Russia’s new law on digital currency marks a significant milestone in the country’s approach to diversifying its banking sector. This initiative comes in response to Western financial restrictions that severely impacted the value of the ruble in the first quarter of 2022, prompted by the invasion of Ukraine.
One of the collective Western sanctions resulted in Russian banks being cut off from the global banking communication platform (SWIFT). As a result, over 300 banks in the country lost the ability to manage international payments. This led Russia to explore alternative methods for conducting cross-border transactions, rolling out a central bank digital currency (CBDC) for payments and transfers, and even managing mutual settlements with China. This move has significantly broadened the scope of Russia's cross-border payments.
Here we delve into the key aspects of Russia’s digital currency law, its potential implications for businesses, and the rapidly evolving digital finance partnerships with global economies, beyond the EU and the U.S.
Understanding the Current Landscape
On 1 August, the Central Bank of Russia (CBR) became the main operator directly governing the Digital Russian Ruble. This milestone was achieved after Vladimir Putin signed a digital currency amendment bill into law, amending the Civil Code of the Russian Federation.
With this new legislation in place, the CBR is now responsible for issuing the digital ruble in the form of digital tokens, making it the third official national currency, alongside existing cash and non-cash forms. Currently, the three official types of Russian currency hold equal value. The digital ruble can be used to make financial transfers, purchase goods and services, and even as part of an inheritance.
For Russia, the move toward digital national currency is a rational reaction, given that the ruble has declined by 45 per cent since mid-February 2022, prompting flashbacks of the country’s financial crisis in 1988.
Blockchain technology is expected to enable direct transactions and storage via electronic wallets. However, a key difference between the CBDC and cryptocurrencies is that the Russian Central Bank is responsible for issuing the CBDC and the competent authorities exercise close monitoring over these digital wallets. The digital ruble is anticipated to carry minimal risk compared to cryptocurrencies, as it is backed by the official monetary regulator and supported by traditional currency, experts say.
Pilot Programmes Underway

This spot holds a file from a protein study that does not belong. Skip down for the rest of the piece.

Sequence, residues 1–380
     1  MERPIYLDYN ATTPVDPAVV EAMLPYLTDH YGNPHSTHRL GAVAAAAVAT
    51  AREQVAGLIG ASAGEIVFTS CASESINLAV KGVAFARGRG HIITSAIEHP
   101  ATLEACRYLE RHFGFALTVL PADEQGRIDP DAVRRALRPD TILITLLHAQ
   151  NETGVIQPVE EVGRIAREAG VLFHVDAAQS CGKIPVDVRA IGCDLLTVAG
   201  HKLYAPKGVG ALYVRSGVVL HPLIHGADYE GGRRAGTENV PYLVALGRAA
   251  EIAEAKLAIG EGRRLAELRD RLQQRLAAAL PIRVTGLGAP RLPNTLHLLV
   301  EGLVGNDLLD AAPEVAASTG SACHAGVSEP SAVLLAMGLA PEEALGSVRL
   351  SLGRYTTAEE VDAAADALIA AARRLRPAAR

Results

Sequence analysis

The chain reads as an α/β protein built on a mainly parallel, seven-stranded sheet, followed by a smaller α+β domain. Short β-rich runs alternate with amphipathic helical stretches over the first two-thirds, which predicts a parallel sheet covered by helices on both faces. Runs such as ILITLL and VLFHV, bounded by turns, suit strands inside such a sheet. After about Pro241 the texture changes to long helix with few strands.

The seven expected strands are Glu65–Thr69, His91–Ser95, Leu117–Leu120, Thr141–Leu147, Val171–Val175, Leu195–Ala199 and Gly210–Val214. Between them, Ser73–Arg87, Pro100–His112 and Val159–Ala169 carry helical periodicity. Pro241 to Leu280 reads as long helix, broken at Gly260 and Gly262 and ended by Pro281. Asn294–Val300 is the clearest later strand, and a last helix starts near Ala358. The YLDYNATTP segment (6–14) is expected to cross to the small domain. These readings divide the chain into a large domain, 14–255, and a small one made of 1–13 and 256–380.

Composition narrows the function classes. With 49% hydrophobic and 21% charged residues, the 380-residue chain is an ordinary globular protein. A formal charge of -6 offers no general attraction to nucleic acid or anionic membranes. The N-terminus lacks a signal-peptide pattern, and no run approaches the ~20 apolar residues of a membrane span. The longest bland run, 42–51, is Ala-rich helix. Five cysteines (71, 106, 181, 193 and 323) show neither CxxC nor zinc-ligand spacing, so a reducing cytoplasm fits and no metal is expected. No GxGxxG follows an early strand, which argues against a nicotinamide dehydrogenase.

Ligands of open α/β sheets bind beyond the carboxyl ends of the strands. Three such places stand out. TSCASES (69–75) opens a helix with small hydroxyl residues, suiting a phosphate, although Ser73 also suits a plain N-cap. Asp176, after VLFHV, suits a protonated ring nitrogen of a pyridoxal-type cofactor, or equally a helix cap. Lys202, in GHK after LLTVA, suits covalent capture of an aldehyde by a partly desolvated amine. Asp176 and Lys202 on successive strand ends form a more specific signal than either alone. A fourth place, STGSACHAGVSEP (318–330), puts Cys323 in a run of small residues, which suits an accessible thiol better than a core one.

The CRB has already launched pilot projects with 13 Russian banks and a limited group of customers. After about 18 months, the service will be fully available to any Russian banking customer who wishes to use it, primarily for international transactions, as specified by the Western-sanctioned governor of the Bank of Russia Elvira Nabiullina. This will enable Russian authorities to assess the functionality of the digital ruble platform within an industrial setting.
The first phase of the pilot program will test digital wallets, digital ruble transfers between individuals, QR code-based purchases of products and services, and simple automated payments. Russia is planning to have a fully operational national digital currency available for citizens and businesses in Q1 of 2025, the latest in 2027, according to state officials.
Currently, 50 per cent of global central banks are engaged in researching or actively developing a pilot for a CBDC, which empowers Russia as a pivotal player, capable of influencing trends in the digital currency realm.
What Russia’s Digital Currency Means for Businesses
Given the landscape of Western sanctions and the digital ruble's emergence, businesses in Russia are set to experience a range of impacts. While experts predict that Western sanctions will last until at least 2026, the introduction of the fully operational digital ruble by 2025-2027, will provide Russia with a tool to withstand the adverse effects of these restrictions and keep pace with the rapidly evolving digitalization landscape. However, the stance of the West concerning sanctions can fundamentally shift based on ongoing actions related to the invasion of Ukraine, leading to potential heightened or reduced restrictions.
Ultimately, the digital currency initiative will allow Russia to establish cross-border payment capabilities with other nations that also introduce digital currencies. This, in turn, will create a conducive environment for digital investments and business opportunities between partnering states. However, in order for the digital ruble to be used in international transactions, it will have to be stable and openly exchanged. It must also instill confidence not only among governments, but also key financial stakeholders.
By the end of 2023, the CRB plans to expand its pilot program beyond citizens to include companies, allowing businesses to test their operations with the digital ruble. It is worth noting that the digital currency law in Russia will forbid individuals or entities who are not operators or participants within the digital ruble platform from using the term ‘digital ruble platform’ in their advertising campaigns.
Research estimates that the activity of traditional banks in Russia will potentially decrease due to the completed implementation of the CBDC, resulting in around $3.5 billion losses in over five years. However, the introduction of the digital ruble in 2023 is anticipated to emerge as a significant innovation within the country's payment system, possibly solidifying Russia’s position as a global leader in financial systems and tools.
Nevertheless, the market is expected to undergo an adjustment period during this transition. While the expenses associated with payment servicing will decrease, favouring retailers, experts are concerned about potential income decreases for consumers and banks as a result.